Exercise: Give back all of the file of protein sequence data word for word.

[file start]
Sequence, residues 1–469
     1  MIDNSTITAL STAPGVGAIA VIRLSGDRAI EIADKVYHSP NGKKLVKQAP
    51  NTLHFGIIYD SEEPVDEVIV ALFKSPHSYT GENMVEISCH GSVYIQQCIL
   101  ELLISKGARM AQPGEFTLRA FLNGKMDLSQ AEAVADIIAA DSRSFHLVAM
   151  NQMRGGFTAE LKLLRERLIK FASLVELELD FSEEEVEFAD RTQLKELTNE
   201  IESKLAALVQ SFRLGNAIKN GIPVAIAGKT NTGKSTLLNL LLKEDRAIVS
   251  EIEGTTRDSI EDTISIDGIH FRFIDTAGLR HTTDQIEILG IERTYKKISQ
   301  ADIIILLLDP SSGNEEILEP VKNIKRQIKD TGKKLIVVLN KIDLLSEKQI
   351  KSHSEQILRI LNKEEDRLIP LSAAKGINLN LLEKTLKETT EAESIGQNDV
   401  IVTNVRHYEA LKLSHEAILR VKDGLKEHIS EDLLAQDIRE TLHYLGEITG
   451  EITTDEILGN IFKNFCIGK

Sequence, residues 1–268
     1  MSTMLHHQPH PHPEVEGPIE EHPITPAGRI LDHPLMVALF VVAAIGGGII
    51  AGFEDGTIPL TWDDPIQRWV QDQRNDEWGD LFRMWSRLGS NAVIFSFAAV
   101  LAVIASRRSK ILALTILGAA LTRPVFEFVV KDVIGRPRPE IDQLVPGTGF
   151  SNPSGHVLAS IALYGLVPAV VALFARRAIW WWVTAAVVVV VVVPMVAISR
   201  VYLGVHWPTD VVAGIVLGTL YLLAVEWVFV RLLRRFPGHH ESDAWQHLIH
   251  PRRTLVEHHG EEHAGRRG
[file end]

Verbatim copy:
Sequence, residues 1–469
     1  MIDNSTITAL STAPGVGAIA VIRLSGDRAI EIADKVYHSP NGKKLVKQAP
    51  NTLHFGIIYD SEEPVDEVIV ALFKSPHSYT GENMVEISCH GSVYIQQCIL
   101  ELLISKGARM AQPGEFTLRA FLNGKMDLSQ AEAVADIIAA DSRSFHLVAM
   151  NQMRGGFTAE LKLLRERLIK FASLVELELD FSEEEVEFAD RTQLKELTNE
   201  IESKLAALVQ SFRLGNAIKN GIPVAIAGKT NTGKSTLLNL LLKEDRAIVS
   251  EIEGTTRDSI EDTISIDGIH FRFIDTAGLR HTTDQIEILG IERTYKKISQ
   301  ADIIILLLDP SSGNEEILEP VKNIKRQIKD TGKKLIVVLN KIDLLSEKQI
   351  KSHSEQILRI LNKEEDRLIP LSAAKGINLN LLEKTLKETT EAESIGQNDV
   401  IVTNVRHYEA LKLSHEAILR VKDGLKEHIS EDLLAQDIRE TLHYLGEITG
   451  EITTDEILGN IFKNFCIGK

Sequence, residues 1–268
     1  MSTMLHHQPH PHPEVEGPIE EHPITPAGRI LDHPLMVALF VVAAIGGGII
    51  AGFEDGTIPL TWDDPIQRWV QDQRNDEWGD LFRMWSRLGS NAVIFSFAAV
   101  LAVIASRRSK ILALTILGAA LTRPVFEFVV KDVIGRPRPE IDQLVPGTGF
   151  SNPSGHVLAS IALYGLVPAV VALFARRAIW WWVTAAVVVV VVVPMVAISR
   201  VYLGVHWPTD VVAGIVLGTL YLLAVEWVFV RLLRRFPGHH ESDAWQHLIH
   251  PRRTLVEHHG EEHAGRRG